source: American Academy of Neurology
FJ Schnell, C Donoghue, J Dworzak, JS Charleston, DE Frank, S Wilton, S Lewis, JR Mendell, LR Rodino-Klapac, Z Sahenk
Phosphorodiamidate morpholino oligomer (PMO) eteplirsen, which received accelerated approval in the US for patients with DMD gene mutations amenable to exon 51 skipping, along with other oligonucleotides under investigation in late-stage clinical trials, aim to enable production of internally-deleted dystrophin protein.
DMD is primarily caused by whole-exon deletions resulting in a shift of the mRNA reading frame that prevents production of functional dystrophin protein. Western blotting has been traditionally used as the confirmatory assay for clinical diagnosis of DMD or Becker Muscular Dystrophy (BMD), but the methods are not standardized and lack true quantitative capacity.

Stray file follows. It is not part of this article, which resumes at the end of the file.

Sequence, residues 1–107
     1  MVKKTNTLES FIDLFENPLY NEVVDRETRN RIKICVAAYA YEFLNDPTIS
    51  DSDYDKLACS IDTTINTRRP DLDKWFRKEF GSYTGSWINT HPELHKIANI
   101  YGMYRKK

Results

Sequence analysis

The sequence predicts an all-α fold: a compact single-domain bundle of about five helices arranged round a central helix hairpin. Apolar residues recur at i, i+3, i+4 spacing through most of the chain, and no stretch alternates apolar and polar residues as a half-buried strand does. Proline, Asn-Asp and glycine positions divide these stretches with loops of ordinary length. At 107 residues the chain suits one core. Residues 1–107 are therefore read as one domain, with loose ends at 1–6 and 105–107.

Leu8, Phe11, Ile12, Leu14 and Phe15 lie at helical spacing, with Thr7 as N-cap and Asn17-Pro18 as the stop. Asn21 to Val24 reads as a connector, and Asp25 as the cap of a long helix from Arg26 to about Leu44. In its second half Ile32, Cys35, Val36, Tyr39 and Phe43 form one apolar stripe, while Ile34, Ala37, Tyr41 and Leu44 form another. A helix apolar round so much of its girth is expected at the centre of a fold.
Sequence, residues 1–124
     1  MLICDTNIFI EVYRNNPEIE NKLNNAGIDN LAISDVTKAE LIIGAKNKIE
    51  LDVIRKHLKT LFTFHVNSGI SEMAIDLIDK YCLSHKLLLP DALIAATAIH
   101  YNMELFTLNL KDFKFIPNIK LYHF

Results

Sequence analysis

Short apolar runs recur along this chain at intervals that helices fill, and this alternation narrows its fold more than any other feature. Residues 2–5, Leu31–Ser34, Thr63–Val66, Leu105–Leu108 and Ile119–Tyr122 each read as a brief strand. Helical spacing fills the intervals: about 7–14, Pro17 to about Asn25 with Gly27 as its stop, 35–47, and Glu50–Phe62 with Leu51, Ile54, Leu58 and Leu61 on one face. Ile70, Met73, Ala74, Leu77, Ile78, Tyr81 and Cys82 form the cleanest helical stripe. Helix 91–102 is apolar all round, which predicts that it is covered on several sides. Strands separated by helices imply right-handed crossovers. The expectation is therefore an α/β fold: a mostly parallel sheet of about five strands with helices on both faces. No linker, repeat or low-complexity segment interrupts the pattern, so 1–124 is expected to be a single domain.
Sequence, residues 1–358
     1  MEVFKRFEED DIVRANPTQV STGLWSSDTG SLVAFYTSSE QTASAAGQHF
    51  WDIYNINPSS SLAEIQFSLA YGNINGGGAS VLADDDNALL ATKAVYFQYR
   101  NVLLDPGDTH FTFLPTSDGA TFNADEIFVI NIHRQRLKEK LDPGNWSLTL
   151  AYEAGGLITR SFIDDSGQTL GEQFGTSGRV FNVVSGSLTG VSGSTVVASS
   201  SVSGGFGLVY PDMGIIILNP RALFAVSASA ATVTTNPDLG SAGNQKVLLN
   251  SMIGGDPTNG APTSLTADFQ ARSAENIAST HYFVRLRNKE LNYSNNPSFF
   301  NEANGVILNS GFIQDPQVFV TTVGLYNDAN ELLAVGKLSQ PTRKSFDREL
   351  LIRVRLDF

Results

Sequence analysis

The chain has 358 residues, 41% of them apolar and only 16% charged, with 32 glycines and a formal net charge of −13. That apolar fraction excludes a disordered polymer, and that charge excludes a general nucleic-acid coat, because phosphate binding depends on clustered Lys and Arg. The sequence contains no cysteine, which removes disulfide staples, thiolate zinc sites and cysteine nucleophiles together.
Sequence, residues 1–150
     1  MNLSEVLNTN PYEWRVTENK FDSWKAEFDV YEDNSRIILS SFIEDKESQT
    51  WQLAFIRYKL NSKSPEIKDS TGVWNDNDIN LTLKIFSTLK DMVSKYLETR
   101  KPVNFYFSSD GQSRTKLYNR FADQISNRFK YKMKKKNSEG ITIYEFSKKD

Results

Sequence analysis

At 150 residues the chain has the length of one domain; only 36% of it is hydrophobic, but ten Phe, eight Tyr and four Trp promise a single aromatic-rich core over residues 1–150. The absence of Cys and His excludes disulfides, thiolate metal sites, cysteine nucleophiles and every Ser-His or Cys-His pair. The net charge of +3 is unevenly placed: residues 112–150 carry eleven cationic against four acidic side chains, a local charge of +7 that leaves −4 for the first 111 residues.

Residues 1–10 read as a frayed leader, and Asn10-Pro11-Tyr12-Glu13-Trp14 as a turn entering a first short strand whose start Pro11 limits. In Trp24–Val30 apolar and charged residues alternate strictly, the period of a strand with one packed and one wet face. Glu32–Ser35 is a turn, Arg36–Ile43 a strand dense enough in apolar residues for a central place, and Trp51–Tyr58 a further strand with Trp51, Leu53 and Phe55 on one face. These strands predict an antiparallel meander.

A sensitive and semi-quantitative Western blot method was developed to detect dystrophin in human muscle biopsies utilizing a standard curve composed of non-DMD/BMD (normal control) muscle lysate spiked into DMD muscle lysate to maintain equivalent protein load. Running a 5-point standard curve ranging from 0.25% – 4% of a single normal control on every gel allows for calculation of dystrophin levels for unknown samples run on the same gel and enables normalization of slight fluctuations in dystrophin signal intensity between gels. Fixed film exposure times ensure dystrophin signal is not oversaturated and remains within the dynamic range of the assay.
In an interim analysis following 48 weeks of treatment in a Phase III clinical study of eteplirsen, 12 biopsied patients showed a significant mean dystrophin increase by Western blot following treatment compared to their pre-treatment biopsies (P<0.05). This method allowed for confirmation of mean increases in dystrophin production following eteplirsen-treatment which were the basis of eteplirsen accelerated approval.
The Western blot method was validated according to FDA Draft Guidance for Industry, Bioanalytical Method Validation, and can provide confirmation of mechanism of action for dystrophin restoring therapies. The developed method enables sensitive and robust quantification of dystrophin down to 0.25% of “normal” levels.
Sarepta Therapeutics Inc., USA; Murdoch University, Australia; Nationwide Children’s Hospital, USA